BEIRUT (Reuters) - Syria said on Tuesday it rejected the presence of Turkish and U.S. forces around the northern town of Manbij, a day after soldiers of the two countries began patrolling the area.
Turkish and U.S. troops on Monday began independent patrols along the line separating Turkish-controlled areas of northern Syria from the town of Manbij, which is controlled by a local militia affiliated to the U.S.-backed Syrian Democratic Forces (SDF), which is dominated by the Kurdish YPG militia.
Ankara views the YPG as a terrorist organization. Earlier this month Turkey and the United States endorsed a tentative deal to overcome months of dispute over the town, in which the YPG would withdraw from Manbij and Turkish and U.S. forces would jointly maintain security and stability there.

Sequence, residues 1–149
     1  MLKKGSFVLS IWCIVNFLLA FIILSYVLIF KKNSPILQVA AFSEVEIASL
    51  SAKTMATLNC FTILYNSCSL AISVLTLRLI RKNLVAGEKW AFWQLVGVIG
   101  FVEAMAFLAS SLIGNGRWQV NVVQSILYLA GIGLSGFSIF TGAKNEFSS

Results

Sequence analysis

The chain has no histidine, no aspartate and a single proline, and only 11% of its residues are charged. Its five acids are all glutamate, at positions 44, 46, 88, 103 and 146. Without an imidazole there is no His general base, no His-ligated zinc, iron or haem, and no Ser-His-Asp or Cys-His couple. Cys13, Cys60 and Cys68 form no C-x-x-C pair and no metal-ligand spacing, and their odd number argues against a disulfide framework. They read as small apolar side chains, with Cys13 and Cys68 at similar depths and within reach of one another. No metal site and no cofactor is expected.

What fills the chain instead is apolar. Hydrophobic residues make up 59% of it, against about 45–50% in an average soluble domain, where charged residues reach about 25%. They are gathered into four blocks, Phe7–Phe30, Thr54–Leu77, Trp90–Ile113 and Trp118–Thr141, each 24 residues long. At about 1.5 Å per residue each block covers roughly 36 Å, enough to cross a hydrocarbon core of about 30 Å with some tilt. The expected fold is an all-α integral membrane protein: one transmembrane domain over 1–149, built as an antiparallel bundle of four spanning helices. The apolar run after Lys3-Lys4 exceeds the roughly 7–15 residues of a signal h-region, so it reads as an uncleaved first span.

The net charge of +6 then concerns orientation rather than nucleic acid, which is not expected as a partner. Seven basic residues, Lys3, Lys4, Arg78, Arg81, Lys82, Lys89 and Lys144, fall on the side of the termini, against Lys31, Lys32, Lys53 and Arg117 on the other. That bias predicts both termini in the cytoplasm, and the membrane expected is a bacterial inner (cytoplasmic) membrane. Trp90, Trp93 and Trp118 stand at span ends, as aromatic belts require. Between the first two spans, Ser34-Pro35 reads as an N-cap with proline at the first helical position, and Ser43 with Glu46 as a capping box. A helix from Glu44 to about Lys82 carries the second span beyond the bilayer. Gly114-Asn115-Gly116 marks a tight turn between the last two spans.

“Syria expresses its strong condemnation and absolute rejection of the incursion of Turkish and American forces in the vicinity of Manbij, which comes in the context of continued Turkish and American aggression,” state news agency SANA said, quoting a foreign ministry statement.
The statement also said the Syrian army is determined to “liberate all of Syria’s territory”.
Reporting by Lisa Barrington, Editing by William Maclean
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